turnsobjref vec, vec1, vec2 vec = new Vector (10,4) vec1 = new Vector (10,5) vec2 = new Vector (10,6) vec.append(vec1, vec2, 7, 8, 9)

`vec`

into a 33 element vector, whose first ten elements = 4, whose
second ten elements = 5, whose third ten elements = 6, and whose 31st, 32nd,
and 33rd elements = 7, 8, and 9, respectively.
Remember, index 32 refers to the 33rd element.

Vector

`obj = vsrcdest.insrt(index, ``vec1`, `vec2`, ...)

`obj.insrt(obj.size, ...)`

is equivalent to `obj.append(...)`

Vector

`obj = vsrcdest.remove(index)`

`obj = vsrcdest.remove(start, end)`

Vector

`boolean = vsrc.contains(``value`)

returns a 1, meaning the vector does contain an element whose value is 30.vec = new Vector (10) vec.indgen(5) vec.contains(30)

returns a 0. The vector does not contain an element whose value is 50.vec.contains(50)

Vector

`obj = vdest.copy(``vsrc`)

`obj = vdest.copy(``vsrc`, `dest_start`)

`obj = vdest.copy(``vsrc`, `src_start`, `src_end`)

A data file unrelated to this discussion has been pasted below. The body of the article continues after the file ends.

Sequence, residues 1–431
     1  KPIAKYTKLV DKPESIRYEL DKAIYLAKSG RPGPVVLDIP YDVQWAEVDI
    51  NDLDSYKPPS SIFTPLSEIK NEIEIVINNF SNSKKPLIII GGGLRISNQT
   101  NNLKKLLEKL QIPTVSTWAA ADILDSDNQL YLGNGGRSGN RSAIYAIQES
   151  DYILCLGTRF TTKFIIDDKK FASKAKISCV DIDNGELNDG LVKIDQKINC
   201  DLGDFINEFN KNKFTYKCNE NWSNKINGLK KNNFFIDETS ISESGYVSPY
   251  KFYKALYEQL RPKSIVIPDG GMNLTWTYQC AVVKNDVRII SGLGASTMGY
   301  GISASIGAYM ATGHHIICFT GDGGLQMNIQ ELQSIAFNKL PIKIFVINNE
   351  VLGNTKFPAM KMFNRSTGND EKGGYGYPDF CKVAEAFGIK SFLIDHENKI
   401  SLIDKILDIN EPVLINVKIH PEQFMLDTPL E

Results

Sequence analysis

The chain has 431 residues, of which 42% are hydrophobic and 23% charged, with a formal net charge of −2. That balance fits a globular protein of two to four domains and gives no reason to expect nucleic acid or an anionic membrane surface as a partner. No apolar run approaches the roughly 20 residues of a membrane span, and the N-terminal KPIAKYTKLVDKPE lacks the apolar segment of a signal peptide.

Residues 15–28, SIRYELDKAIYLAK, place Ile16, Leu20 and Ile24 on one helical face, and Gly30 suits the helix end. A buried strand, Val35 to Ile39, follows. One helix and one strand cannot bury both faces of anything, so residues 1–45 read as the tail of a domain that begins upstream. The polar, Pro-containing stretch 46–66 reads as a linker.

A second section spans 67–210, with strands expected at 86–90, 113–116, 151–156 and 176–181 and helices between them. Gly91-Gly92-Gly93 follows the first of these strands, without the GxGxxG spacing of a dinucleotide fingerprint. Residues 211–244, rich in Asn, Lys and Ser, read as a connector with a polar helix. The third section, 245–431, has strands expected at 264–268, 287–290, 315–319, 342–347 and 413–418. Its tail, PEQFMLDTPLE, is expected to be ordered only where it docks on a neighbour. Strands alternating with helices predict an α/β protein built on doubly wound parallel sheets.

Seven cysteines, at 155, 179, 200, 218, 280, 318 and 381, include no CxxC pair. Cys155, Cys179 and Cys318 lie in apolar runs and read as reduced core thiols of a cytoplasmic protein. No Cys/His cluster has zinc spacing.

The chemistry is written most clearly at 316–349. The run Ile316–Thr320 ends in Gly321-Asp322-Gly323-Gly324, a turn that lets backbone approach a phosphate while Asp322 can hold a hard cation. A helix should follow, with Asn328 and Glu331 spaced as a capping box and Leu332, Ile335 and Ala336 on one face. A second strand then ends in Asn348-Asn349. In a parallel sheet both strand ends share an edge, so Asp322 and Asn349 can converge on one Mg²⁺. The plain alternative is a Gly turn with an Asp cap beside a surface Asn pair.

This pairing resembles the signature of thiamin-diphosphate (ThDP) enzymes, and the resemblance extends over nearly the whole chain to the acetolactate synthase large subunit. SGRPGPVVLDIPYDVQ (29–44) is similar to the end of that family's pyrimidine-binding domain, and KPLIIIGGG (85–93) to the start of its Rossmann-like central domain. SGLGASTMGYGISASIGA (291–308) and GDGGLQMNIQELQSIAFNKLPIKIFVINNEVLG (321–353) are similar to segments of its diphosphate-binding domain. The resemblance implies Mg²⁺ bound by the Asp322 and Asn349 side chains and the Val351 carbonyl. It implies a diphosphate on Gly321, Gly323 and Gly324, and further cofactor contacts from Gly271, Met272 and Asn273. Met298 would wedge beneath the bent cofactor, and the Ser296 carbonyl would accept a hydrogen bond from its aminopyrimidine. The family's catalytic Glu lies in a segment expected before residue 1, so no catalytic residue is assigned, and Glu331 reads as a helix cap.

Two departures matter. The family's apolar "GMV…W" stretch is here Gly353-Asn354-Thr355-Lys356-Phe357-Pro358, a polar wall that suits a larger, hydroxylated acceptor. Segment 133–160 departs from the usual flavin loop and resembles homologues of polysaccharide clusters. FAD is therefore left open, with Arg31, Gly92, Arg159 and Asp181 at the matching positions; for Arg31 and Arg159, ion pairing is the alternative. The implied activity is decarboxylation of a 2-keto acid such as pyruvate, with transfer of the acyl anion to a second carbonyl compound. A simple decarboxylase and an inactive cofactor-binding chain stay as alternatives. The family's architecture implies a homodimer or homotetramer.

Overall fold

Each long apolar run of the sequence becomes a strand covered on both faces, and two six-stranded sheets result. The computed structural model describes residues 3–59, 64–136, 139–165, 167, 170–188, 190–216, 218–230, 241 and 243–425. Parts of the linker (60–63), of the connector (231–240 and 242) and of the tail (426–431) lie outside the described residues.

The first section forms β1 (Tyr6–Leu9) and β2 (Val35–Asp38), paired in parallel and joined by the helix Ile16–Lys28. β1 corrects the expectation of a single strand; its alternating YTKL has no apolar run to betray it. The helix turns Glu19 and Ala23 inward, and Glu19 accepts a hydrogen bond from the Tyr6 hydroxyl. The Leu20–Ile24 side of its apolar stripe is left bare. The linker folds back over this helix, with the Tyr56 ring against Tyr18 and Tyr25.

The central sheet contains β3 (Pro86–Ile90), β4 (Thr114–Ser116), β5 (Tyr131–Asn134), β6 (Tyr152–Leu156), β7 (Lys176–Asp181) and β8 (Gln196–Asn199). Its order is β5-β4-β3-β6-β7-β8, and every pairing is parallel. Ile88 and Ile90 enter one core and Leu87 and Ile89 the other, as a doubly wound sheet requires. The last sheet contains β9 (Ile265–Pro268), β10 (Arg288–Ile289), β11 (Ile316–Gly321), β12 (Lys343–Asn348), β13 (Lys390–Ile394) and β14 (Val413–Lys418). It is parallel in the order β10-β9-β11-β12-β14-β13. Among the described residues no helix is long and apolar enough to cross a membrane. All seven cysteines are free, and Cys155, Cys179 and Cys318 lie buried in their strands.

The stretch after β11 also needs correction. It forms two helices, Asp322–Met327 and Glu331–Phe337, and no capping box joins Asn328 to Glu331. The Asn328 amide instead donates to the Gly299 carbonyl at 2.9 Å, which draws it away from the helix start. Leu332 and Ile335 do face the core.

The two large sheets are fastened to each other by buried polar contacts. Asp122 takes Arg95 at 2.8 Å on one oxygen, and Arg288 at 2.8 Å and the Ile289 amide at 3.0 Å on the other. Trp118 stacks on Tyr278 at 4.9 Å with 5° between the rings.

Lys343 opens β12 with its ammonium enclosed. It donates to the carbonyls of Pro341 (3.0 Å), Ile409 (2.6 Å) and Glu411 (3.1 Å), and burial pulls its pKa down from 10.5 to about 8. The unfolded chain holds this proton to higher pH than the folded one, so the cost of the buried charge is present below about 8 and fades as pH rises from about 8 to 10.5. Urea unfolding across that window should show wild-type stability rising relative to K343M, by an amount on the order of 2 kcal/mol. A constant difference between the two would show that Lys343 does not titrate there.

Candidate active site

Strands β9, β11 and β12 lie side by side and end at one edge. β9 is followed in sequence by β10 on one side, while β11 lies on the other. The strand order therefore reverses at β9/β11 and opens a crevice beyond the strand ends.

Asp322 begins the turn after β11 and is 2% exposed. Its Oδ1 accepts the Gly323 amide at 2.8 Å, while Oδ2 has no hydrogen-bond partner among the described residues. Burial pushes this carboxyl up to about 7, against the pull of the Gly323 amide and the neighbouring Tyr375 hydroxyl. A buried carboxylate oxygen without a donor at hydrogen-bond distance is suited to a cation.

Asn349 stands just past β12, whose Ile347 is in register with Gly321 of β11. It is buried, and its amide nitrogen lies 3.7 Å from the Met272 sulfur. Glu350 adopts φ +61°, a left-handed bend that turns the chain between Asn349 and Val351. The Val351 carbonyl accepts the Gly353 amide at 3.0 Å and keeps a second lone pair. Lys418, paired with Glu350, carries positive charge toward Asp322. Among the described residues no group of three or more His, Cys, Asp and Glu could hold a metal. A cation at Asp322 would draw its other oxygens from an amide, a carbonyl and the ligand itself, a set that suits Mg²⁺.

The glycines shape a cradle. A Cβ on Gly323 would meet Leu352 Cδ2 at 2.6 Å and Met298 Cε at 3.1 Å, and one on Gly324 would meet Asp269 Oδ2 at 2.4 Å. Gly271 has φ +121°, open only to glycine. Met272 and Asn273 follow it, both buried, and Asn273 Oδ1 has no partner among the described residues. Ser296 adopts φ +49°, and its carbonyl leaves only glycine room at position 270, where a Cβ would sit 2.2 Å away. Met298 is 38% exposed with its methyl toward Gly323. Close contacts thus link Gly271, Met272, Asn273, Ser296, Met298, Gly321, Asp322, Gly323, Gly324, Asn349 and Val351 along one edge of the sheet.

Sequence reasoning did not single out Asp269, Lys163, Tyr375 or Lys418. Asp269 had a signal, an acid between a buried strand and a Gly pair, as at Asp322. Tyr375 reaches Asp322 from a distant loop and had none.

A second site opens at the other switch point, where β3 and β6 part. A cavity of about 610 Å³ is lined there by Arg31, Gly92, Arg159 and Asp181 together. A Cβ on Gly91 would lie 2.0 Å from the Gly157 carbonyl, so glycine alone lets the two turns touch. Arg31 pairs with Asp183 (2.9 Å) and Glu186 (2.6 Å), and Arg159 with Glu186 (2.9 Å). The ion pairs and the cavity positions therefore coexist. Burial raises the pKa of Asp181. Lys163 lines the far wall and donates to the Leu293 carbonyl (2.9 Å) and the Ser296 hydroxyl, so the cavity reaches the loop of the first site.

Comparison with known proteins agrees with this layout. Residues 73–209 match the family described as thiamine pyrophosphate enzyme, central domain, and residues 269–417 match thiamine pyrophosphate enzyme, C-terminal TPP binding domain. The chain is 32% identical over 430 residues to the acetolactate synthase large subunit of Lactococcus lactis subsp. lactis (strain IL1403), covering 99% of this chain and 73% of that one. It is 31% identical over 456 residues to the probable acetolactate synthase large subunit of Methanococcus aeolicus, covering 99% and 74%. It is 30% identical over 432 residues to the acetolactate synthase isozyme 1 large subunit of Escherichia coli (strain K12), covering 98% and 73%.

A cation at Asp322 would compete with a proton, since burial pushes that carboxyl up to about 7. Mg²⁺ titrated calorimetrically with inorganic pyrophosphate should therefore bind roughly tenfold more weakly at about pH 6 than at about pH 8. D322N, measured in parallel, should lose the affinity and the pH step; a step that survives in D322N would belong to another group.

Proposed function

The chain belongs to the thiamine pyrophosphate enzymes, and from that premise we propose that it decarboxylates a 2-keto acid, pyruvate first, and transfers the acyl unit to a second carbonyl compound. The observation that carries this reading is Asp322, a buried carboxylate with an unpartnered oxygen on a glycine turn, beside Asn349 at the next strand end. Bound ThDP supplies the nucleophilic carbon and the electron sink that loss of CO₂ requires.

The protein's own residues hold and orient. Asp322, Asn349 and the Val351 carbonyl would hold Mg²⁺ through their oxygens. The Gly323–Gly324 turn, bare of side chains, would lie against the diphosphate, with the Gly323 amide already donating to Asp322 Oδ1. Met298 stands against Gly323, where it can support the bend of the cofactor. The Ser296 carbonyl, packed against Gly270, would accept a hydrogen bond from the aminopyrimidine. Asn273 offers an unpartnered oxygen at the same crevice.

`obj = vdest.copy(``vsrc`, `dest_start`, `src_start`, `src_end`)

`obj = vdest.copy(``vsrc`, `dest_start`, `src_start`, `src_end`, `dest_inc`, `src_inc`)

`obj = vdest.copy(``vsrc`, `vsrcdestindex`)

`obj = vdest.copy(``vsrc`, `vsrcindex`, `vdestindex`)

`.x[0]`

)
are copied to `.x[``dest_start`]

,
`src.size()-1`

)
If the second (and third) argument is a vector, the elements of that vector are the indices of the vsrc to be copied to the same indices of the vdest. In this case the vdest is not resized and any indices that are out of range of either vsrc or vdest are ignored. This function allows mapping of a subset of a source vector into the subset of a destination vector.

This function can be slightly more efficient than c since if vdest contains enough space, memory will not have to be allocated for it. Also it is convenient for those cases in which vdest is being plotted and therefore reallocation of memory (with consequent removal of vdest from the Graph) is to be explicitly avoided.

execute following example

To merge or shuffle two vectors into a third, use:... v2 = new Vector() v2.copy(v1, 0, 1, -1, 1, 2) v2.printf()

execute following example